The recent discovery of the malware called Flame as well as past incidences of cyber weapons Stuxnet and Duqu are ushering a new period of global conflict that is secretive, precise and destructive, according to Eugene Kaspersky, chief executive officer of leading developer of secure content and threat management solutions Kaspersky Lab.
In his blog, Kaspersky said to help contain the threat, there should be a global understanding among nations to manage these so-called cyber weapons.
“The international community has to try to reach an agreement governing the development, application and proliferation of these cyber weapons,” Kaspersky said.
“This will not solve all the problems, but at least it will help establish the rules of the game, integrating the new military technologies into the structure of international relations, preventing uncontrolled development and careless use,” he explained.
He also said that these types of malware have become the weapons of choice for cyber warfare that aims to destroy countries by attacking the very technologies that enable people’s lives.
“It is no less dangerous to the lives of people, cyber warfare can bring down economies especially when technology is well-integrated into major industries,” Kaspersky stressed.
“If certain countries are heavily dependent on technologies, the infrastructure and industrial facilities, financial and transport systems, utilities and other critically important objects should be reappraised in terms of the approach to information security,“ he added.
The 46-year-old CEO warned that “Stuxnet, Duqu and Flame are just the tip of the iceberg. We can only guess what other cyber weapons are circulating around the world. I’m sure we will have more discoveries soon. I just hope it doesn’t get too scary.”
And because there were no discussions on the rules of engagement on cyberspace among governments, Kaspersky said that a cyber attack could be perceived as an act of war. He noted that “last year, the USA announced that they reserved the right to respond to a cyber attack with traditional military means,” even if the attack is a mere “imitation, provocation, or misinterpretation.”
“There aren’t many people who currently understand the danger of cyber weapons. It’s hard to believe that some virus, a few kilo/megabytes of code can suddenly cause, say, an accident at a nuclear station, a fire on an oil pipeline or a plane crash, isn’t it? But mankind has for some time now become increasingly and imperceptibly dependent on information technologies,” Kaspersky said.
He also added that the new platform in declaring war against any government would be through technology. “I’m sure other countries have also made use of such technologies, but before it simply wasn’t discussed and everything was done on the quiet, little by little and secretly.”
Kaspersky pointed out the advantages of using cyber weapons over conventional weapons have provided “ethical and legal” justification for any institution to launch an attack.
“Kaspersky Lab, being a global security company, we state officially that we will fight any cyber weapons irrespective of the country of origin and any attempts to force us to ‘collaborate’. We consider any compromise on this score to be incompatible with our ethical and professional principles,” Kaspersky also added.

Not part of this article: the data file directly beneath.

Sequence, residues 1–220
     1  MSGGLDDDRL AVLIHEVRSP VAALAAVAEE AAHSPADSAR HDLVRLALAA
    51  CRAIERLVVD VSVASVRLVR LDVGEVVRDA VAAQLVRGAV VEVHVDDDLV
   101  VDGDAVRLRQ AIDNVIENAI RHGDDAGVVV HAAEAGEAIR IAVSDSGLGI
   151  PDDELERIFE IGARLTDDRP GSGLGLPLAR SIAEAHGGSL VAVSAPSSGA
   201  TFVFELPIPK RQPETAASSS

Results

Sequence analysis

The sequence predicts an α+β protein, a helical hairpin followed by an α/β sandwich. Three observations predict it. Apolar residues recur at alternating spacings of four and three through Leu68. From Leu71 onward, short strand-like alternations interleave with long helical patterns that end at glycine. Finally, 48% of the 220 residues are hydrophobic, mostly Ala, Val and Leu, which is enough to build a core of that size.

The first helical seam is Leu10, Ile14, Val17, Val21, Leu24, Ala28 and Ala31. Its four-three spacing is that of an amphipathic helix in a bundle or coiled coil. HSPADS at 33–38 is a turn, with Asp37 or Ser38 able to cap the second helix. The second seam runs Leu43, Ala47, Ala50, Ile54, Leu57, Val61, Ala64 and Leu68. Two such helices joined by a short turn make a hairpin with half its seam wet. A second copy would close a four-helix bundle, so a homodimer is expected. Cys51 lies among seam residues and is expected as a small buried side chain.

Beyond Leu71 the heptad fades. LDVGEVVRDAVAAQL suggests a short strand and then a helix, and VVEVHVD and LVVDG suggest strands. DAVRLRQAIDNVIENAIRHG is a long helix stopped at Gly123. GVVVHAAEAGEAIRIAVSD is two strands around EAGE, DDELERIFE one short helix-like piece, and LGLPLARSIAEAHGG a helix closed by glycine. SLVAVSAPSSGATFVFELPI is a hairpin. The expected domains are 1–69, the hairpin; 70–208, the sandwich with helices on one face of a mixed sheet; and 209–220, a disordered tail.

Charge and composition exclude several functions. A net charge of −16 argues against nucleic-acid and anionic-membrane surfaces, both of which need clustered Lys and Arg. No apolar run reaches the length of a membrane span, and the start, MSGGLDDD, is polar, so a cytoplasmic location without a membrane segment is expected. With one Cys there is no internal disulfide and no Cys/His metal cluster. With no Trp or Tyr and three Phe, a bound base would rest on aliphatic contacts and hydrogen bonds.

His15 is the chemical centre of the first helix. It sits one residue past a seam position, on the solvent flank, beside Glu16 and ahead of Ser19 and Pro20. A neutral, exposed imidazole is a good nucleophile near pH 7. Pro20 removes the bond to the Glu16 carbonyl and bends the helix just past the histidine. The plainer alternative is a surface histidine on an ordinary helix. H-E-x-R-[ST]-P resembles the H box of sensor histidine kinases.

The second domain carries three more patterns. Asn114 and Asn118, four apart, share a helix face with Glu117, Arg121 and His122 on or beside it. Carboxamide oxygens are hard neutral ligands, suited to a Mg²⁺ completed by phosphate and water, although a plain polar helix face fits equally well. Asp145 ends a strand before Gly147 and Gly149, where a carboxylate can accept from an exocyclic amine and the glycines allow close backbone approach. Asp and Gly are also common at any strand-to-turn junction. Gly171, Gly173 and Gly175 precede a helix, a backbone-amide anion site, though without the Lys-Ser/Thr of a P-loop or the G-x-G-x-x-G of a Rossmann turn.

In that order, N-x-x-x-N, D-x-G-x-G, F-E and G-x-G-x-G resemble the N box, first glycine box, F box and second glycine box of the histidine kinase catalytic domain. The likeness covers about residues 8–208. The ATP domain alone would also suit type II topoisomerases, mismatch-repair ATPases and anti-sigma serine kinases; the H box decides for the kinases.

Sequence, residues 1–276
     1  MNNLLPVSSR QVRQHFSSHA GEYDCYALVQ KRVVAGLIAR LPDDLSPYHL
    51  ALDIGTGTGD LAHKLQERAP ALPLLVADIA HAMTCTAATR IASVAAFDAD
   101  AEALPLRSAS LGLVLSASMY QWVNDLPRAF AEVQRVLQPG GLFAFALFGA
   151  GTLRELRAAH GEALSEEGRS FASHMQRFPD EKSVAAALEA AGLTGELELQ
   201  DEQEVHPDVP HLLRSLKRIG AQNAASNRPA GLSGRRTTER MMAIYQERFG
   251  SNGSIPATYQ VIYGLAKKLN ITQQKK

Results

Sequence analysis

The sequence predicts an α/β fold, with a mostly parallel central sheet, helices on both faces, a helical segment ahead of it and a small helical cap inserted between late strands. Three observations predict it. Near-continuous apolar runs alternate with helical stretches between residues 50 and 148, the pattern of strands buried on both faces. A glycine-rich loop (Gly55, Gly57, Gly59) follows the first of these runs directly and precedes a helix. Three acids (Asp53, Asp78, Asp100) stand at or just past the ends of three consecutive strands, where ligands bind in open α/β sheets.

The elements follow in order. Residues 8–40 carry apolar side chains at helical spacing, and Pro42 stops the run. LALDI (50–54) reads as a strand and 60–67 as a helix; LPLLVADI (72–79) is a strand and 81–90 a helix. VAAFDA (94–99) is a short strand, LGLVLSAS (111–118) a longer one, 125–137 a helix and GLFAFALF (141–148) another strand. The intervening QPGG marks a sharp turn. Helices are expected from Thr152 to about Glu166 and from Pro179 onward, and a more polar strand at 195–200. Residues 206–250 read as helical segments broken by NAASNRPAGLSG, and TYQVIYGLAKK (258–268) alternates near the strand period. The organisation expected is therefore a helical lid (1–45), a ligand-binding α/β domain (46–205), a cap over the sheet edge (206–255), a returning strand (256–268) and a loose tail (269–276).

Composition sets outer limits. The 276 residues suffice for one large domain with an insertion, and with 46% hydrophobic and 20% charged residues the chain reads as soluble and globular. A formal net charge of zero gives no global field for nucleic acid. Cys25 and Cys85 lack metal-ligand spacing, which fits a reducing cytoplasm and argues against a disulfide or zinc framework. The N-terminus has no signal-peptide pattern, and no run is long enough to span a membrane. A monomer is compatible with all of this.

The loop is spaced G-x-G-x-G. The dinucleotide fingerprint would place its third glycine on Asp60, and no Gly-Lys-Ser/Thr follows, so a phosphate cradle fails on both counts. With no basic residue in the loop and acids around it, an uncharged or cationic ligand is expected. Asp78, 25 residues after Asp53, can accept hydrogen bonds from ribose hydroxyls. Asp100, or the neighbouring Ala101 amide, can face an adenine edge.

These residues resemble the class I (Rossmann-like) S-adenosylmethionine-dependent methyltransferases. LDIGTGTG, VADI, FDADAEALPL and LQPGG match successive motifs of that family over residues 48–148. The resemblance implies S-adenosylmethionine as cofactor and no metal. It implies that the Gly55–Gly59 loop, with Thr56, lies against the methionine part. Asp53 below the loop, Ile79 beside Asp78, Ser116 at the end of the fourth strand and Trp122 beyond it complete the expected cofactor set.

He stressed that “although the security industry has been focusing on combating mass epidemics for many years, its arsenal includes protection technologies which are most probably capable of preventing targeted attacks by cyber weapons. However, this will require users to rethink the security paradigm and introduce a multi-level protection system.”
Kaspersky also mentioned that apart from Stuxnet and Duqu, both of which were found to be targeting specific information technology hardware used in certain Iranian industries, Flame is another such malware.
According to Kaspersky Lab security experts who discovered it, the Flame is a highly sophisticated, malicious program that is actively being used as a cyber weapon to target entities in several countries. It can steal valuable information – including but not limited to computer display contents, information about targeted systems, stored files, contact data and even audio conversations. Its complexity and functionality exceed those of all other known cyber weapons.
“The week after Flame was detected we saw several sudden newsflashes. The news basically ‘upgraded’ the current perception of military strategy and demonstrated that states have already been successfully applying offensive cyber weapons for several years now,” Kaspersky said.
Kaspersky also said the use of malware for cyber warfare has its ‘advantages’ to the attackers. First, they are effective and are cheaper to build than traditional weapons. These are also difficult to detect,hard to be traced back to the origin and can be replicated at no extra cost. Protecting an infrastructure against such malware is also difficult as these can change in code quite quickly.
Drawing from the action movie “Die Hard 4,” Kaspersky said it will not come as a surprise if a cyber war scenario depicted in the film would actually happen. He warned that cyberspace would also draw a new arms race.